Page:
Being Nasty is No Way to Make Friends
David Aldea, at the Publishing Business Conference and Expo earlier this month, painted an interesting picture of what not to do when considering an anti-piracy strategy. One prominent publisher's effort to combat unauthorized use of content, which he says he witnessed, consists of a bunch of people sitting around a table searching the Internet for titles in their catalog. When they find content that has been shared, they send a "nastygram," threatening legal action.
It kind of reminds me of some of the recent zombie movies where the desperate hero shoots wildly at rampaging undead as they close in from all sides, hitting a few along the way, but doing nothing to slow down the attack. It may seem like a good idea in the short run—may even be cathartic up to a point—but is ultimately fruitless. If you want to deal with the advancing hordes, you've got to come up with a smarter strategy.
For Aldea, that smarter strategy involves using the power of social media to leverage the interest and enthusiasm that leads people to want to share something they like. Content sharing—even when unauthorized—brings fresh publicity and followers. "That community can be marketed and sold to as a pre-qualified group in some cases more effectively than [if] a book [was] just sitting on a shelf," he says.
It also brings good vibes—which, in the brandscape, is no small thing. "DRM technologies frequently prevent users from exercising rights they would otherwise be entitled to under copyright law, which is why many user groups consider DRM to be aggressive and overreaching," professor David Wiley notes in an article appearing in the next issue of Book Business. The same could be said of singling out individual users, which alienates your best potential audience and creates potentially disastrous publicity (think of how fast the "nastygram" sent by Cook's Source magazine to an author went viral on the Web last year). These type of negative associations make people feel no qualms about hacking DRM controls or copying content with impunity.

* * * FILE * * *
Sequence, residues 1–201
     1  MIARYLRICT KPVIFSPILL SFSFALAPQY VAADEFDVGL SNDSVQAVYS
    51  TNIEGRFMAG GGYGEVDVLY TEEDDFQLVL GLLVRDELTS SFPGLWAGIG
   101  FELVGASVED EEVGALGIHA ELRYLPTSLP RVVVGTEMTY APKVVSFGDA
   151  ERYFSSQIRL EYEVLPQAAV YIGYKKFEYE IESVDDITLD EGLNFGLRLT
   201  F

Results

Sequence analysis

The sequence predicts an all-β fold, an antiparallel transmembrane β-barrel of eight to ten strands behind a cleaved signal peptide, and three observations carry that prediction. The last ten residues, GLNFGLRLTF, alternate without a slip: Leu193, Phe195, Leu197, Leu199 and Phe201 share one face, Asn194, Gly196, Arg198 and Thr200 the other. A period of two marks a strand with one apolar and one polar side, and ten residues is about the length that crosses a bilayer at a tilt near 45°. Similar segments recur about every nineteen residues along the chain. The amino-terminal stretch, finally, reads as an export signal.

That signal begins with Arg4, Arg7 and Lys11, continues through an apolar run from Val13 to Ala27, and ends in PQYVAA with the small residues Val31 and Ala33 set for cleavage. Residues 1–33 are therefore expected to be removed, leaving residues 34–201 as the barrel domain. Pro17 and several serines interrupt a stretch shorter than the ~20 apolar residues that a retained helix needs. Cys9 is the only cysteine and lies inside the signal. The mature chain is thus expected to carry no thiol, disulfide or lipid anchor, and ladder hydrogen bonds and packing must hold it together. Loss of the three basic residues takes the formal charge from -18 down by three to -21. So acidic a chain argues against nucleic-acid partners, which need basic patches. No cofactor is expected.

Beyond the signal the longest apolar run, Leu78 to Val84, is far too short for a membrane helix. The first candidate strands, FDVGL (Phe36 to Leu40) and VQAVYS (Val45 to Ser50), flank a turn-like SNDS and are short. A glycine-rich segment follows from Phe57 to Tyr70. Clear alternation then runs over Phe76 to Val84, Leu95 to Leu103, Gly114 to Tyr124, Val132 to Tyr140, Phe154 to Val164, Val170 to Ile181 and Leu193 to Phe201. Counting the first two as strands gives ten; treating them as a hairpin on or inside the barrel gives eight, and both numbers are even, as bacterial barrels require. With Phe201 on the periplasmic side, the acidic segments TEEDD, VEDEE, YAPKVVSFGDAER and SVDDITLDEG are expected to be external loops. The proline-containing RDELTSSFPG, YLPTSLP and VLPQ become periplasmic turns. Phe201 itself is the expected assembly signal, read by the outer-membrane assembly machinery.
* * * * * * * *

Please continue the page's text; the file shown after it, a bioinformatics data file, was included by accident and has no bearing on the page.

Wiley is writing about the textbook market, but his words resonate in all segments of publishing: "... the restrictive philosophy of 'all rights reserved' and DRM is contrary to the philosophy of education and sharing knowledge ... consumers demand access to information anytime, anywhere, on any device."
The most commonly cited example of how not to deal with piracy is the music industry's response to electronic file sharing in the late '90s and early 2000s, but before the Internet, there was the mix tape. Back in the '80s, the music industry was obsessed with the "problem" of home taping—a practice which introduced legions of listeners to new music they would come to love and purchase. The tape sharing was going to happen no matter what the industry did; the money and energy spent on lawsuits and other forms of intimidation would have been better spent finding ways to understand and market to those new fans.
If today, it's even easier to pass data around, it's also easier to find and market to online enthusiasts. This is the promise of social media and mobile connectivity. You may lose some sales in the short term, but the longer-term relationships built could be far more valuable.
What's the alternative? Going the music industry's route of suing the customer—and we all know how well that worked out. In what other business would a seller want to piss off those who have a passion for their product? It's more than just incoherent and scattershot; as a strategy for managing digital rights, it's kind of nuts.